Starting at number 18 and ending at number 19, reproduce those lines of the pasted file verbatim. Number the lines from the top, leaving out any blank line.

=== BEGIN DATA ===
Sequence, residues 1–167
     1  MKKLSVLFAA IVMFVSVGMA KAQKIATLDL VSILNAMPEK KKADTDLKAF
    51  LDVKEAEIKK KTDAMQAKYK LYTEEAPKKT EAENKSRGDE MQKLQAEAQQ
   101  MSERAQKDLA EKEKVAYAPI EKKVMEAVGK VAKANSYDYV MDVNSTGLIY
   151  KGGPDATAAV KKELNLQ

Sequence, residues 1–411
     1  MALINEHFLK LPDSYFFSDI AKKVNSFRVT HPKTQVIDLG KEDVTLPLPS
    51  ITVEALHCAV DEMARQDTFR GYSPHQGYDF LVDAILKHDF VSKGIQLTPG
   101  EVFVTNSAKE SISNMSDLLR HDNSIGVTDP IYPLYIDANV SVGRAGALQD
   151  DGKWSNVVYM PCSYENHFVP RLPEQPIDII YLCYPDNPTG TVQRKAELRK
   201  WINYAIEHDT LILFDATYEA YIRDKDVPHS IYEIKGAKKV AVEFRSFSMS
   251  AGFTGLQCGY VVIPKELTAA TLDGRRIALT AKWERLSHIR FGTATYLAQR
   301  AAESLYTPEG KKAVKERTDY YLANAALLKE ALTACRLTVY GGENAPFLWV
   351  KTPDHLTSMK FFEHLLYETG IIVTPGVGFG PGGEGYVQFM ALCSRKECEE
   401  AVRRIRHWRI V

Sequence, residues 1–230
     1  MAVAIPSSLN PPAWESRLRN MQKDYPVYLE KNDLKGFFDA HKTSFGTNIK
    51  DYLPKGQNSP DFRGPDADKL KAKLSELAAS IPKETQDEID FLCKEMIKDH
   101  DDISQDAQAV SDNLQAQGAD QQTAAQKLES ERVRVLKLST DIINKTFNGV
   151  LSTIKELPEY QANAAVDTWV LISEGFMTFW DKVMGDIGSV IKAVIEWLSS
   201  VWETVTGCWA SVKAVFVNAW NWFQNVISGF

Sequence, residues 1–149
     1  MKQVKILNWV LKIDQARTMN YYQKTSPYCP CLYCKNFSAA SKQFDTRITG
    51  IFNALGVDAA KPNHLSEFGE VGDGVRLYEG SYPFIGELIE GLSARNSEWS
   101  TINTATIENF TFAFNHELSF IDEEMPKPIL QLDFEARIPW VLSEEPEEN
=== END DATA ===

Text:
    51  DYLPKGQNSP DFRGPDADKL KAKLSELAAS IPKETQDEID FLCKEMIKDH
   101  DDISQDAQAV SDNLQAQGAD QQTAAQKLES ERVRVLKLST DIINKTFNGV